Abandon Text!

W. H. Auden once said: "Poems are not finished; they are abandoned." I have been abandoning writing projects for many years, since only the pressure of deadline and high expectations ever got me to finish, or even start, anything of merit. This blog is an attempt to create a more consistent, self-directed writing habit. Hopefully a direction and voice will emerge.

Thursday, February 23, 2006

The Loss of the Hunt

How much sensibilities have changed in the last hundred years . . . Aidan and I have been reading the "Little House" books, and today we just started reading some carefully chosen excerpts from The Jungle Book. One thing that strikes me as we read these stories is how far away death has receeded from the accepted canon of children's literature.

As much as we blame the popular culture for becoming more violent, the Disney set rarely if ever have to bear the mention of killing. (The only notable exception that comes to mind is The Lion King, which is as murderous as Shakespeare ever was.) Villains are, by and large, captured and sent to prison, or at their worst they plummet to some unknown fate in a cravasse. Animals are universally for cuddling, or, in more eco-friendly times, "protecting". It never occurs to us to depict them as someone's next meal . . . or if it is, it's always an attempt that's comically frustrated, a la Wile E. Coyote's eternal quest to bag a particular fowl.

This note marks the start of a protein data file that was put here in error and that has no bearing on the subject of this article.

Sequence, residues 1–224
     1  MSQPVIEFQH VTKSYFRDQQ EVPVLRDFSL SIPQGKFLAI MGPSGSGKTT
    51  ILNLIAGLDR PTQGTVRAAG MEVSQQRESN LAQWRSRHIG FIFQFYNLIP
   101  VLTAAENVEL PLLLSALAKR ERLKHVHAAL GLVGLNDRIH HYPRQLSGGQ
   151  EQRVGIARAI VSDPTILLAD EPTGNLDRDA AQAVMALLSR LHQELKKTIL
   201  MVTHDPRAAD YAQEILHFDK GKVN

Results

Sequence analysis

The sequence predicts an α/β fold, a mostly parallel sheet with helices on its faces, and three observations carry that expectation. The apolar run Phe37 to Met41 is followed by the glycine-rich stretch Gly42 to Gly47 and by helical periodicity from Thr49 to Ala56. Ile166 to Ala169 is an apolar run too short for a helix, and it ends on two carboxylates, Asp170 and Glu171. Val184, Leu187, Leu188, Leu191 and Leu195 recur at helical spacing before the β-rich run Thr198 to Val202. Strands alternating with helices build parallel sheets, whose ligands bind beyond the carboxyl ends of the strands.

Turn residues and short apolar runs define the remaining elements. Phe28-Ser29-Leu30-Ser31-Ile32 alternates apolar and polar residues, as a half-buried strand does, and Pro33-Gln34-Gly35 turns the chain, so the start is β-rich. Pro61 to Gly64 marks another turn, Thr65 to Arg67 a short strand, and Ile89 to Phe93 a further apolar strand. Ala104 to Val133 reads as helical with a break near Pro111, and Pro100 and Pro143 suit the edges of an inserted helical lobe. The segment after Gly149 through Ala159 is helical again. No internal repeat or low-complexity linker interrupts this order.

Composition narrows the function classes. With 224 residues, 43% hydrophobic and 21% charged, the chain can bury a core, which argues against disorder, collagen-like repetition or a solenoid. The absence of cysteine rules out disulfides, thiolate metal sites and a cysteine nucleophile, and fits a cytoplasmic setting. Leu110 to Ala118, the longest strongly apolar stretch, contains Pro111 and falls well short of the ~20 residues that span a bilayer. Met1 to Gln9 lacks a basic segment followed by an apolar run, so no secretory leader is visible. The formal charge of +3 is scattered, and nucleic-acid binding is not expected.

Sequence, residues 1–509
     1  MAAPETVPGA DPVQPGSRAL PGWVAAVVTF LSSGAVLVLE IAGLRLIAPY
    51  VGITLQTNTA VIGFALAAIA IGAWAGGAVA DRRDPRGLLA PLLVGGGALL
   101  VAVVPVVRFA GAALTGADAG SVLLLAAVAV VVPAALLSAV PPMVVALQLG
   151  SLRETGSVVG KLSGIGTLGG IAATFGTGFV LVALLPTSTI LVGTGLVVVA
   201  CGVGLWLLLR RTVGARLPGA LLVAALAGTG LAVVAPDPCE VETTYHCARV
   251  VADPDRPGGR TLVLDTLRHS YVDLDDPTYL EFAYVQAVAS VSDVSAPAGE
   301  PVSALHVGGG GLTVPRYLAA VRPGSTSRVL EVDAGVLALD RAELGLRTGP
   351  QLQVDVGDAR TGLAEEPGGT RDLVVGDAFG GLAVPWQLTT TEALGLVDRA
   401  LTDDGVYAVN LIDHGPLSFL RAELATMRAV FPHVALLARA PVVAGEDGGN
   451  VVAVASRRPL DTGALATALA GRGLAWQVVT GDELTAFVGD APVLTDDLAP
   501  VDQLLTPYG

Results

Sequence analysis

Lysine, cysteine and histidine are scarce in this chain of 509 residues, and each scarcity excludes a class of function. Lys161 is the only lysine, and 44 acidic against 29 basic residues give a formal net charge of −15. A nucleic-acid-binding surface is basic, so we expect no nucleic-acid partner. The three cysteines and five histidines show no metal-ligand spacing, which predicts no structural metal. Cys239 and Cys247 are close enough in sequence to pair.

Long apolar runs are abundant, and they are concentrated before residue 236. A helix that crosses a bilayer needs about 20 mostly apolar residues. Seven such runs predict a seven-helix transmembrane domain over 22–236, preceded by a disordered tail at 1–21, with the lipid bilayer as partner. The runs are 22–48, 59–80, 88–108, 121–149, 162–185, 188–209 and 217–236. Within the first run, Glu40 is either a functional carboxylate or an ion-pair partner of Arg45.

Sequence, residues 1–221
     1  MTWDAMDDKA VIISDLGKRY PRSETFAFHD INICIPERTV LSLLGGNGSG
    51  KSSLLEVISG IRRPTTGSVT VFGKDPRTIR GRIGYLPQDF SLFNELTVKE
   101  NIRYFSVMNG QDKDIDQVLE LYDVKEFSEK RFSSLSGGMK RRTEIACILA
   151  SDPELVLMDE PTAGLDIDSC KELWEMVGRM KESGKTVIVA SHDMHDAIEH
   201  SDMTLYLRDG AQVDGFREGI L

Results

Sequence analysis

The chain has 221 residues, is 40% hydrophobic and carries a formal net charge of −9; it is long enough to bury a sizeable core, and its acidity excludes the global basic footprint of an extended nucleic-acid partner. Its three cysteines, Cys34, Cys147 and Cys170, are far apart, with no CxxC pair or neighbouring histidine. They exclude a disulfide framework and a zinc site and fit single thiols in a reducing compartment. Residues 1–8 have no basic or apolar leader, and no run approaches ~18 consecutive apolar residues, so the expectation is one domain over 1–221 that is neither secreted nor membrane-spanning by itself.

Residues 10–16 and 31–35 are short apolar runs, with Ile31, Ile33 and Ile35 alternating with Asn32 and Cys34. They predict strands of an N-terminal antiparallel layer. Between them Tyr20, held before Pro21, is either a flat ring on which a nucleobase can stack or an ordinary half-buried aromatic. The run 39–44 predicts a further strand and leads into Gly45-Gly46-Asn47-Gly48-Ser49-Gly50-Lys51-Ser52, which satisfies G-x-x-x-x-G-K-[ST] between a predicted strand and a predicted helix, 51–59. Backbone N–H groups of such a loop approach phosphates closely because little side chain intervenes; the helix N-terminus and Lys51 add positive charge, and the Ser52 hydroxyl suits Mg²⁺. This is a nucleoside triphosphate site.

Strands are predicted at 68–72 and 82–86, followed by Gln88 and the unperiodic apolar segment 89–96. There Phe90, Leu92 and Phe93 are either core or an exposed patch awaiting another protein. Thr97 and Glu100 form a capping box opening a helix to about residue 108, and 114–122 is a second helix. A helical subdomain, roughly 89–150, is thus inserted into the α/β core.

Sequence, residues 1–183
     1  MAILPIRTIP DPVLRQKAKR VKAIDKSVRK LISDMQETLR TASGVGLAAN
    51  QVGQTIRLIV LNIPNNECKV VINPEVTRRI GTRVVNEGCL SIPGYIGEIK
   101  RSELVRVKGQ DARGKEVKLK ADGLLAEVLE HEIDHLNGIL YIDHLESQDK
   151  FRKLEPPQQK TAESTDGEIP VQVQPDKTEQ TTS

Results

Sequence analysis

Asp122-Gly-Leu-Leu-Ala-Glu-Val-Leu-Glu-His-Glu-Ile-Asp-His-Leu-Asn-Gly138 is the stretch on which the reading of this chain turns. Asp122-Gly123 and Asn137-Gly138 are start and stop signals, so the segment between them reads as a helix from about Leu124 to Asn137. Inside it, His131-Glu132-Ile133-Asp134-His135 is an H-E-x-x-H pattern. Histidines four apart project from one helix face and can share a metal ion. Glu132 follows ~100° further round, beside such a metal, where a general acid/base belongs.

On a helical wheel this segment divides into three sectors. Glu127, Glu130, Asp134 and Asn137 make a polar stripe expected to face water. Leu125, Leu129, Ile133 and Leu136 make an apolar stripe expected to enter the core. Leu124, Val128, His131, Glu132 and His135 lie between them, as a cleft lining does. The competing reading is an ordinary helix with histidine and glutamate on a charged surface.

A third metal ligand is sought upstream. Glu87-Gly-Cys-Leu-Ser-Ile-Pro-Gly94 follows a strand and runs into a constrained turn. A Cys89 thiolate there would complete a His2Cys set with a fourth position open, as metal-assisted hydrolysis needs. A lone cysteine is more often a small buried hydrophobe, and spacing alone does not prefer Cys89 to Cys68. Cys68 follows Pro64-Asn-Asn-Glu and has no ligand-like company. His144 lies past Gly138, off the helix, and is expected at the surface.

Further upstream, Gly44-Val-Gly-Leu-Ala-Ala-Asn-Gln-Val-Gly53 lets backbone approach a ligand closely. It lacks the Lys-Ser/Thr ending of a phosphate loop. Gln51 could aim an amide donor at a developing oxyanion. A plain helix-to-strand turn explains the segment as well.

So, it comes as a bit of an abrupt shock when the Little House stories have . . . well, a lot killing in them. Laura is very matter-of-fact in describing how Pa kills the animals in the woods for meat, or how he butchers a hog, or how happy she is to see fresh kills hanging in a tree when she gets up in the morning. The Jungle Book is equally at ease talking about the wolves hunting, and all the different things they kill or don't kill. It's hard to imagine any modern story passing muster with death so . . . present. It's almost more shocking that it's not violently depicted. Death is not dramatic; it just is, and it's a part of life.

I am hard put to determine whether we are better off for that or not.


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